By Bill Witherell
Japan's central bank, the Bank of Japan (BOJ), undertook this past week a first test of its new policy of "yield curve control." In proclaiming that policy in September, the BOJ set a target for the yield on 10-year government bonds at "around 0 percent."
Japanese bond yields advanced last week, following with a lag the sharp rise in government bond yields globally that was stimulated by the expectation that the coming Trump presidency would bring faster economic growth and increasing inflation. On Thursday, the BOJ stepped in, offering to buy unlimited amounts of government bonds with terms between one year and five years at a fixed price slightly below prevailing prices. No banks offered to sell government bonds at the fixed prices. In the wake of the BOJ's offer, the short end of the yield curve became less steep. The markets appear to have gotten the message that the bank is both ready and able to intervene to keep yields from rising too far. The one-to-five-year focus of the BOJ's action probably responded to the particularly sharp increase in the spread between the one-year and five-year bonds that had developed.
The BOJ did not find it necessary to offer to buy 10-year government bonds on Thursday, or on Friday when the 10-year JGB rose to 0.035%, the highest level since mid-February. This led some commentators to wonder what "about zero percent" means. The BOJ carried out one of its regular quantitative easing operations on Friday, which made it a poor day to also take action to defend the 10-year rate. The latter action may well be needed in the coming days.
The latest economic data for Japan suggest that a modest recovery is finally taking shape. The preliminary real GDP growth for the third quarter was at 2.2% annual rate, the third quarter in a row of positive growth. Before that, the last interval of positive growth spanning three quarters was in 2013. The final Markit/Nikkei Purchasing Managers Index (PMI) for October was the strongest since January. Output rose the most in 10 months. Exports were solid and should be more so with the recent weakness in the Japanese yen. Employment income (wages per worker times the number of workers) is growing and should strengthen consumption going forward. There will also be important support from the projected fiscal stimulus, including higher spending for defense. President-elect Trump's call for Japan to spend more for Japan's defense coincides with Prime Minister Abe's own wish to strengthen the nation's military capabilities. There will be ample opportunities for Japan to buy more US military hardware and for the two countries to cooperate on military research and development.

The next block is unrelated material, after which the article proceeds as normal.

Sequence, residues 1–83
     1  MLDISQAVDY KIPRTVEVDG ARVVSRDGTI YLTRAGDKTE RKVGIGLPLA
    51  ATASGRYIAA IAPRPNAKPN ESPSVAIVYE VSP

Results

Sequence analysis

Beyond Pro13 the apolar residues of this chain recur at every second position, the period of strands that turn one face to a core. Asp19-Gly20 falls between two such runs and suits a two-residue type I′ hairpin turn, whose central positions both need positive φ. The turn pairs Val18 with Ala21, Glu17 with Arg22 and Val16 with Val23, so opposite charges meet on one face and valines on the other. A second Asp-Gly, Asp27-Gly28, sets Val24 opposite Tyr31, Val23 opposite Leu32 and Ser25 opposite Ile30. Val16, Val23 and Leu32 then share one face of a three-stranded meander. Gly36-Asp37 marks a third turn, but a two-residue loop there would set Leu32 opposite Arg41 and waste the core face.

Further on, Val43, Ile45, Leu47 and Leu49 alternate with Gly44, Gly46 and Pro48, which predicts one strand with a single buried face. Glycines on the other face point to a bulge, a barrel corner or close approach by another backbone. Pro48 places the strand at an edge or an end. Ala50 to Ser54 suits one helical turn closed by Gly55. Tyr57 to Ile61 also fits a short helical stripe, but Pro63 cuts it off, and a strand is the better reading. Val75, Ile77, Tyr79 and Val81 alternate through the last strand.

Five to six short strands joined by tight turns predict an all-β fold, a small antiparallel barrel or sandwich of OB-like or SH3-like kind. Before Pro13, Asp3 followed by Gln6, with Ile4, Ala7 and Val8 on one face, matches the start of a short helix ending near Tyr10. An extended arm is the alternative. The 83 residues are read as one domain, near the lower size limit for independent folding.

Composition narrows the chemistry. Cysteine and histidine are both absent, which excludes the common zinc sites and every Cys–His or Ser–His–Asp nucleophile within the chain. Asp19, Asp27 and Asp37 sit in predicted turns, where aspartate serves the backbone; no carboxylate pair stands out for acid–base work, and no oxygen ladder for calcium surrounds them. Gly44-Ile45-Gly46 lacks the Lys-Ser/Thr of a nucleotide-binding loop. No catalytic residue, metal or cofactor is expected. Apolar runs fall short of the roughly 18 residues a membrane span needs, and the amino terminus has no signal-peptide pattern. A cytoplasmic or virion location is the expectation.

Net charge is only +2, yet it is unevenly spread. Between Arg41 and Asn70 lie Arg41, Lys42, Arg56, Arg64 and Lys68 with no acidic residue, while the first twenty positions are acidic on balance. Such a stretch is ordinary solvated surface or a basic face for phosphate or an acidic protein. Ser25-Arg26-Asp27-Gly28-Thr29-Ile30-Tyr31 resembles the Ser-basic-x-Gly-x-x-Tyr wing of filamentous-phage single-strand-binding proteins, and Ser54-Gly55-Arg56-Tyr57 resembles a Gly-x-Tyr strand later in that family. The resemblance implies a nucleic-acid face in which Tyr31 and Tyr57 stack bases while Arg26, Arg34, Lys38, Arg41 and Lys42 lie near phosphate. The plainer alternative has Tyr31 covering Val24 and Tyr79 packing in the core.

A first meeting between Abe and Trump occurred Thursday and reportedly went well. There should be agreement on maintaining the US-Japan Security Treaty. The greatest threats for the Japanese economy relate to the future Trump administration's stance on trade policies. The Trans-Pacific Partnership (TTP) strongly supported by Abe and opposed by Trump now looks as though it will not be completed. The greater trade risk is that the Trump administration may take a hard-line, protectionist trade policy stance that leads to a global wave of protectionism, seriously impacting global trade and growth.
Japan's equity markets have been improving, with the Nikkei index on Friday ending up 20% from its June low, which puts the index in "bull market" territory. The market is being driven by a weaker yen, robust US economic data, and the strengthening economic recovery in Japan. Japan bank stocks have rallied in response to the movement of bond yields into positive territory.
The weakening yen, down 9% over the past three months, has hurt the returns of unhedged Japan ETFs for US dollar-based investors. The unhedged iShares MSCI Japan ETF (NYSEARCA:EWJ) is up only 1.17% on a total return basis over the past three months, while the corresponding currency-hedged version of this ETF, the iShares Currency Hedged MSCI Japan ETF (NYSEARCA:HEWJ) is up 11.23% over this period. We are using the WisdomTree Japan Hedged Equity Fund ETF (NYSEARCA:DXJ) which, in addition to the currency hedge, selects export-oriented, dividend-paying firms and weights them by the dividends. These factors contributed to its 14.71% total return over the past three months. In contrast, the iShares MSCI All Country ex-US ETF (NASDAQ:ACWX) registered a total return of -4.15% over the same period. We are continuing to maintain our largely hedged Japan positions in our International and Global ETF portfolios.